That stuff cannot possibly ever work. It’s like wanting to make some great architecture by abolishing the metric system. My guess is that 12-toners despise stuff like Irish music because they’re entrenched in the position that the tonal system has offered all it has to offer. Falling into an endless pit of musical folly and psychological horror where they shall roam forever in a quest for something that simply isn’t there, waiting for Godot, under the megalomaniacal excuse that 12-tone is the only way to a limitless land of sheer opportunity.

@Davidread, he’s some 30 years older than myself.

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Even worse. Old codgers with that sort of maturity and entrenchment will never change. It’s like discussing science with a flat earth believer. Try it sometime. Make sure you bring up science and facts and see where that gets you.

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@ DonegalDanny…. aren’t you being a bit hypocritical when you call what this guy likes "Vomit inducing"? As an old codger myself I don’t like hip-hop, or rap, or most of what I hear to be modern techno crap. But so what? Other people like it. If anybody for some reason finds my dislike of it to be offensive to their ego, then they should check their ego. It doesn’t bother me if they like what I don’t like, or if they don’t like stuff that I like. How does that affect me? We all have different tastes and opinions. I don’t like this thread;- it seems quite a petty and pointless.

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Let me put it another way:- there is so much very serious racism, religious bigotry, sexism, homophobia and other sick prejudices in the world today. Why concern yourself about people who don’t like Irish music? It just doesn’t matter!

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@Gobby I thought somebody would point out my hypocritical statement as soon as I finished writing it. Still, I didn’t edit it. What matters is that this didn’t come up in the argument with my antagonist. We can say 12-tone is acustical hell between ourselves on The Session forum, but I didn’t attack the choices of my begrudger during the confrontation. He was, it was all about attacking my choices.

And btw I can’t believe 12-toners to be completely crazy, as the creator of 12-tone himself, Arnold Schoenberg, stated "This is supposed to be ugly music. It’s ugly music composed for the ugliness the modern man has to live with". The expression that 12-tone wants to convey is evident. I get it. It’s gut-wrenching, it’s psychological modern art, and it’s supposed to be, some people like it and thusly considers it superior art form. Still, my conclusion is "so it’s supposed to be ugly music? - keep it!"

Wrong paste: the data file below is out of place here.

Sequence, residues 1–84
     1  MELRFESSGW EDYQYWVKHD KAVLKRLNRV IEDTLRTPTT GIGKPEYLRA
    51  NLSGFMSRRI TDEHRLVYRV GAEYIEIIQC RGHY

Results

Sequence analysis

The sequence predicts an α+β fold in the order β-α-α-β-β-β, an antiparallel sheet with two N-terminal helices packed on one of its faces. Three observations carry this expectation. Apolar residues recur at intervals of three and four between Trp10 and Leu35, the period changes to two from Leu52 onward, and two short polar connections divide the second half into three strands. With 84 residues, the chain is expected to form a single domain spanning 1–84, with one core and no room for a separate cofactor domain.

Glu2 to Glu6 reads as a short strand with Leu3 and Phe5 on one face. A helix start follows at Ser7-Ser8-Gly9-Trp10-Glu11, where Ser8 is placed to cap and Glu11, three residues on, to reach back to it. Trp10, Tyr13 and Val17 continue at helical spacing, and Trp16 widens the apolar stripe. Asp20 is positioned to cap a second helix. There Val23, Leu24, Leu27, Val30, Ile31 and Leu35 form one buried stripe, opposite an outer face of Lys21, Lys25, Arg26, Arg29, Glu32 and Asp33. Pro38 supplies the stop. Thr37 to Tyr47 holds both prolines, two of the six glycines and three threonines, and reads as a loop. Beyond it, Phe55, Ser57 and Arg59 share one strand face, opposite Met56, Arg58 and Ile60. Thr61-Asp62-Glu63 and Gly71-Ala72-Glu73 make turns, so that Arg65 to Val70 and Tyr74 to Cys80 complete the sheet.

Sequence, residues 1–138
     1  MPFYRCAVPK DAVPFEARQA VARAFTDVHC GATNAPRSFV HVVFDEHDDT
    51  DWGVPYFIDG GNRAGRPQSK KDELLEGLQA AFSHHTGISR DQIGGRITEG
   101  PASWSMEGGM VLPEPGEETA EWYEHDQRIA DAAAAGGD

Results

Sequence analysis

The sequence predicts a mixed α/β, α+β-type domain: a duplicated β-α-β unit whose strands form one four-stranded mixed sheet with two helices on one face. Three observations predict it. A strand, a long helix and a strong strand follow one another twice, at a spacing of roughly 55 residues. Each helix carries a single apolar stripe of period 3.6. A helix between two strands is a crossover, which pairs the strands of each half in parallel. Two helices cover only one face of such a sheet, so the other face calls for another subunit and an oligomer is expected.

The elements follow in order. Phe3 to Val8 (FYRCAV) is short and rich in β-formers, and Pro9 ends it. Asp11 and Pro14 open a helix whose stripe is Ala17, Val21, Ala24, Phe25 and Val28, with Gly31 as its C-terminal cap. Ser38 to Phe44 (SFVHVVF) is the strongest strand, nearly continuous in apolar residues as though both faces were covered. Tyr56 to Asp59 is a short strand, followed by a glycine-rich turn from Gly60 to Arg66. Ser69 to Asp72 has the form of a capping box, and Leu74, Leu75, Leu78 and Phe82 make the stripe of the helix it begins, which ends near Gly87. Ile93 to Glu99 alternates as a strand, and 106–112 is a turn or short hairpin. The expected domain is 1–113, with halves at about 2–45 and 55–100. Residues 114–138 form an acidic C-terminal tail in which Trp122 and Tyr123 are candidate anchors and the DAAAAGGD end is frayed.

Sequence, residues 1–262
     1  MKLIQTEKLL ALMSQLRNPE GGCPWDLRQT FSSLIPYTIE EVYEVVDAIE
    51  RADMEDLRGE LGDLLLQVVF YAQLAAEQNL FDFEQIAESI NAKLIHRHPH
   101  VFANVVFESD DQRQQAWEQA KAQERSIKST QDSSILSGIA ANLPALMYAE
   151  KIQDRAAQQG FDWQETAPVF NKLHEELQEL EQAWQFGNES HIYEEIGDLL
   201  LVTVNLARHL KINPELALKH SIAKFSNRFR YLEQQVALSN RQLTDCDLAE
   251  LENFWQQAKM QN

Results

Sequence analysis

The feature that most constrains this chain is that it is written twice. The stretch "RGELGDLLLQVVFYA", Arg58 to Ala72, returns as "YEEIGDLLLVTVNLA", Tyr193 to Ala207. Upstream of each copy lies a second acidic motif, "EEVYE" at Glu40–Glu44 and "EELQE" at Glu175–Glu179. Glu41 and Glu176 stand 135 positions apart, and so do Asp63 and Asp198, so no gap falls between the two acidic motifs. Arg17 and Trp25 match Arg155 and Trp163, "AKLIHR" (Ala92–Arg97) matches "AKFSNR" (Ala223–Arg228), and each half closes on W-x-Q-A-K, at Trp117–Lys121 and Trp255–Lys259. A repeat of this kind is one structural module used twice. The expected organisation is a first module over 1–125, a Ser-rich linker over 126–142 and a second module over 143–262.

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@Gobby "But so what? Other people like it. If anybody for some reason finds my dislike of it to be offensive to their ego, then they should check their ego. It doesn’t bother me if they like what I don’t like, or if they don’t like stuff that I like."

My point exactly!

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Yeah, okay Danny. I see what you are saying now. And yes, I agree about 12 tone. God save us.

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Modern pop music is often simple and repetitive. So many songs with four chords. The same four chords too. I think there is a video somewhere.. doesn’t make them not worth listening too or creating.

https://youtu.be/QpB_40hYjXU

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Ah sure, you’ll get that everywhere. You do know I hope that Irish trad was and still is to some extent looked down on even in Ireland itself? ‘tinkers music’, ‘knackers music’, ‘diddly’ etc etc. People like Sean O’Riada tried to pull it closer to the classical idiom for that reason, to give it more respectability.

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"12-tone, Schoenberg and Glass! That stuff is vomit-inducing! That stuff cannot possibly ever work."
Danny, you may not have used these words in the discussion with your antagonist but they show the tenor of your attitude. You two are never going to agree, so, leave it alone.

As it happens, I like 12-tone etc. - one of my favourite composers is Anton Webern (actually, he’s a good place to start listening to that kind of music because his pieces are so short they’ve finished before you get a chance to start vomiting) But I also like traditional Irish music. It’s a beautifully social sound; wonderful for joining in and dancing.

But, there are plenty of Irish composers who write non-traditional. Try
http://www.irishcomposerscollective.org/composers/
Click on any of the photos for a sample of their work. But don’t start with an antagonistic attitude; listen - hard.

An orange is a delightful fruit; peel it, separate a segment, pop it in your mouth … delicious. However, you won’t find any recipe in Escoffier that recommends using an orange in that way. This is not to decry Escoffier, but anyone who rejects a segment of orange on the grounds that it is too simple probably doesn’t understand Escoffier either.

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The Chinese probably think the same about western languages.

"The same 26 characters repeated over and over! How do they even express themselves!"

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This thread takes me back to my childhood. A time when if you wanted to learn music it HAD to be proper classical music. When Beatles songs weren’t music, they were just ‘an awful noise and people shouting’ and when a young man got thrown out of the school orchestra not because he wasn’t good enough on violin, but because the music master found out he also played electric guitar. Nowadays people write learned papers on the harmonic structure of Beatles songs, and how clever Lennon and McCartney were. People feel threatened by musical forms they aren’t familiar with, and dismiss them as rubbish in self defense.